The improvement in intelligibility and quality achieved by this invention is accompanied by audible changes in the characteristics of most voiced sounds. These changes are caused by the exaggeration in the spectral envelope of larger formants relative to smaller formants as a result of the nonlinear increase in frequency component amplitudes elfected 'by this invention. The exaggeration of formants and the accompanying changes in speech sounds may be prevented by utilizing the so-called formant equalizer described in the copending patent application of M. R. Schroeder, tiled June 3, 1960, Serial No. 33,741, now matured into Patent No. 3,091,665, issued May 28, 1963. Before the incoming signal is applied to the apparatus of the present invention, it is passed through the formant equalizer. The equalizer divides the amplitude spectrum of the signal into several broad frequency bands, each band corresponding to the usual frequency range in which one of the formants appears. The equalizer reduces the amplitude of each formant by an amount sufiicient to pre vent the subsequent exaggeration of large formants relative to small formants in the spectral envelope of the modulated signal, and the output signal of the equalizer is then processed by the present invention to improve its intelligibility and quality.

The formant equalizer referred to above may be used in conjunction with either the frequency domain apparatus or the time domain apparatus of this invention. Alternatively, the time domain apparatus of this invention may be modified to prevent the exaggeration of formants without using a formant equalizer. This is achieved by flattening the amplitude spectrum of the incoming speech signal to make its harmonic components uniform in amplitude before convolving the signal with itself. The group of autocorrelation signals derived from the spectrum-flattened signal also has a flat amplitude spectrum, that is, the corresponding autocorrelation harmonic components are also uniform in amplitude. Modulation of the incoming signal by this group of autocorrelation signals nonlinearly increases the amplitudes of the frequency components of the speech spectrum to suppress spurious and interformant components, but the increase in the amplitudes of the harmonic components is uniform, thereby improving intelligibility and quality without exaggerating large formants relative to small formants. The spectrum of the incoming signal is flattened before convolving the signal with itself by generating a uniform amplitude pulse for each speech period of the signal. The generated pulses thus have the same fundamental frequency as the incoming signal, and the autocorrelation function of the pulses has an amplitude spectrum composed of harmonic components that have uniform amplitudes and that occur at the same frequencies as the harmonic components of the incoming signal.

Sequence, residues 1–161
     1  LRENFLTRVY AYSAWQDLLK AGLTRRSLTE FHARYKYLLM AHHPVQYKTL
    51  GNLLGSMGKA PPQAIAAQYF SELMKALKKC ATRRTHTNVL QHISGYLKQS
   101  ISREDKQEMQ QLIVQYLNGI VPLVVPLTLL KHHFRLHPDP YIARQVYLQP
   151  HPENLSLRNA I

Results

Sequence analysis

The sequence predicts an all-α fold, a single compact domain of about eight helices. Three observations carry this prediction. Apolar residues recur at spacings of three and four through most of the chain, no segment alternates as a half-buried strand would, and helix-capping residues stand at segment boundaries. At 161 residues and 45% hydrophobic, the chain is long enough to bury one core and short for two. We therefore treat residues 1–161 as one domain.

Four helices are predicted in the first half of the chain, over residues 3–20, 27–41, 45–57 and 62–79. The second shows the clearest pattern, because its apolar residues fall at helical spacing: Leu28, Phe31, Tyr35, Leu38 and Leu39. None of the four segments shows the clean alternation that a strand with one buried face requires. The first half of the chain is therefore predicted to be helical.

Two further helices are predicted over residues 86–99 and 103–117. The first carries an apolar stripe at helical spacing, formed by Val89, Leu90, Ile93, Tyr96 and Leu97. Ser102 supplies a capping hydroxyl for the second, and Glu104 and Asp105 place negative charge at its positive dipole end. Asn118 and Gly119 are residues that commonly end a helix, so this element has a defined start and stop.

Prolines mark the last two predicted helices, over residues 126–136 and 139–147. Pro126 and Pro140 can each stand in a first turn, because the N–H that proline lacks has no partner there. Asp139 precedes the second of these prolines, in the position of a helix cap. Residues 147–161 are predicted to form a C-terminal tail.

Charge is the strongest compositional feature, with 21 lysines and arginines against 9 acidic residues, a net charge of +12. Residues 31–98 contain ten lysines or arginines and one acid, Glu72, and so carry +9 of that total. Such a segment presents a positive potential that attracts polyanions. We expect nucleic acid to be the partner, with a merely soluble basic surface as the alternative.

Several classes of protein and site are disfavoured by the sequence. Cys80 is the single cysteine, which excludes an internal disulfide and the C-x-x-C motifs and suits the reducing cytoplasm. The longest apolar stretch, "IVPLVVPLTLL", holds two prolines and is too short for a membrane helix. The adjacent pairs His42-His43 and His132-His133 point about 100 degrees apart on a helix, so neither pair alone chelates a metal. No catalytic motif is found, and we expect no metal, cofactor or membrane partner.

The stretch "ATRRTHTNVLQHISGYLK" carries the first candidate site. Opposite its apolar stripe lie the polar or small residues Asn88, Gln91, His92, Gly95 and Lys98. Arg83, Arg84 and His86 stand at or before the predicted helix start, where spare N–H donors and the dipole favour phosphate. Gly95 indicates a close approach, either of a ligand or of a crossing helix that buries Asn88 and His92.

The invention will be fully understood from the following detailed description of illustrative embodiments thereof taken in connection with the appended drawings, in which:

FIGS. 1A, 1B, 1C, 1D, and 1B are diagrams of speech amplitude spectra helpful in explaining the operation of the apparatus of this invention;

FIG. 2 is a schematic block diagram showing frequency domain apparatus for improving the intelligibility of a distorted speech signal;

FIG. 3 is a schematic block diagram showing time domain apparatus for improving the intelligibility of a distorted speech signal; and

FIG. 4 is a schematic block diagram showing apparatus alternative to that shown in FIG. 3.

With reference to FIG. 1A, there is shown the amplitude spectrum of a typical voiced speech sound, in which some of the harmonic frequency components of the discrete fine structure are denoted .by a number of equally spaced vertical lines recurring at harmonics of the fundamental frequency, f and in which the spectral envelope is shown as a curved line containing three distinct peaks or formants. When the intelligibility and quality of this speech sound are impaired by the addition of noise and nonlinear distortion, the speech amplitude spectrum of FIG. 1A appears as shown in FIG. 1B. The dashed vertical lines in FIG. 1B represent spurious frequency components added to the fine structure of the spectrum, and the upper spectral envelope in FIG. 1B indicates alter- .ations in the shape of the original, lower envelope in FIG. 1B caused by disproportionate increases in the amplitudes of the harmonic components of the interformant sections of the envelope relative to the harmonic components of the formant sections.